MOSCOW, June 15 (RIA Novosti) – The creation of a no-fly zone in war-torn Syria would contravene international law, Russian Foreign Minister Sergei Lavrov said on Saturday, amid media speculation that the US plans to do just that.
“You don’t have to be a great expert to realize that this will be a violation of international law. We hope our American colleagues will direct all their practical activity into implementing a joint US-Russian initiative to convene a conference devoted to improving the situation in Syria,” Lavrov said after meeting with his Italian counterpart.
Media reports on Friday cited unidentified Western diplomats as saying that the US, which said this week that it would provide military support to the Syrian opposition, was considering establishing a no-fly zone in Syria. US fighter jets and anti-aircraft missiles were sent to Syria's neighbor Jordan earlier this month for military exercises.
The US said this week that it had clear evidence that Syrian President Bashar Assad’s government had used chemical weapons against the rebels. The claim was supported by Britain, but dismissed as “unconvincing” on Friday by Russia, which is widely viewed as an ally of Syria and has vetoed several Western-backed UN Security Council resolutions aimed to pressure Assad into ending the use of force. Lavrov, who said Friday that the US decision to arm the rebels could lead to the further escalation of violence in the country, repeated Russia’s doubt over the chemical weapons claim on Saturday, saying it made no sense for the government to have used chemical warfare when it is gaining ground against the rebels.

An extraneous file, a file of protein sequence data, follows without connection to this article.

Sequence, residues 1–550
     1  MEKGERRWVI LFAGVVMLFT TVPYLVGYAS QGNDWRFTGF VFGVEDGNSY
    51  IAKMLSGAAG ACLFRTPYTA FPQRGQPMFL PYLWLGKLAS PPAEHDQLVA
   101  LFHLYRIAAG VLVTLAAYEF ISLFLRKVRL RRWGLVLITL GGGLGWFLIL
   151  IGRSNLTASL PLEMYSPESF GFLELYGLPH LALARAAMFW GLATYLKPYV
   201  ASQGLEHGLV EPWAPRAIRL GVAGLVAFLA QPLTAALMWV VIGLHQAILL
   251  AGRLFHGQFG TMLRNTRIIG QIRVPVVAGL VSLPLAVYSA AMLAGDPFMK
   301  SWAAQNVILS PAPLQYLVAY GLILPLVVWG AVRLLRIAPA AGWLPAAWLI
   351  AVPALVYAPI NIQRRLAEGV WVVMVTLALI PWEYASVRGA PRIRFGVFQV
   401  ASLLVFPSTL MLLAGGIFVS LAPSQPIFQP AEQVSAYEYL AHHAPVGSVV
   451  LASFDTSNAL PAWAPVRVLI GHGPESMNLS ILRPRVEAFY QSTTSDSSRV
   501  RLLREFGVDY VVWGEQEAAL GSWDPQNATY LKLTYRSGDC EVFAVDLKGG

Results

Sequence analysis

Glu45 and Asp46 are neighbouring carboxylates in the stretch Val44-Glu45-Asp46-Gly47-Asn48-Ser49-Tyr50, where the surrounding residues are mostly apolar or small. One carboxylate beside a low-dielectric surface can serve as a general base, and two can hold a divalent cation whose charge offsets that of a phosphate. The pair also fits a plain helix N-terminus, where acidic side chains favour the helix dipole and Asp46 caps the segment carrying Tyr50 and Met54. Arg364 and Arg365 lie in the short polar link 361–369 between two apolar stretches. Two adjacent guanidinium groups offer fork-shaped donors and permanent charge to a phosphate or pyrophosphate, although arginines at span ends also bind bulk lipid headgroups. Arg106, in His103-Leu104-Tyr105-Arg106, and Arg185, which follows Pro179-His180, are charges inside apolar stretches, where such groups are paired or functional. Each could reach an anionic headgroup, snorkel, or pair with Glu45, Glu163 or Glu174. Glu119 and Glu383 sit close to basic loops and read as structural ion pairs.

“Our Western partners told us [earlier], yes, it’s probably not in the interests of the regime, but if it finds itself against the wall, then it could, out of desperation, use these weapons as a last resort. Right now the regime is not against the wall; the regime, as the opposition itself is saying, is seeing military success on the ground. Why would the regime use chemical weapons, especially in such small quantities [as is being claimed]? Just to expose itself? From a military point of view, it makes no sense,” Lavrov said.
Syria's government denies having used chemical weapons and has in turn accused the rebels themselves of the same crime.
Last month, Russia and the US agreed to set up an international conference with the aim of ending the two-year conflict in Syria through dialogue between the two sides, but so far, no date or list of participants has been confirmed.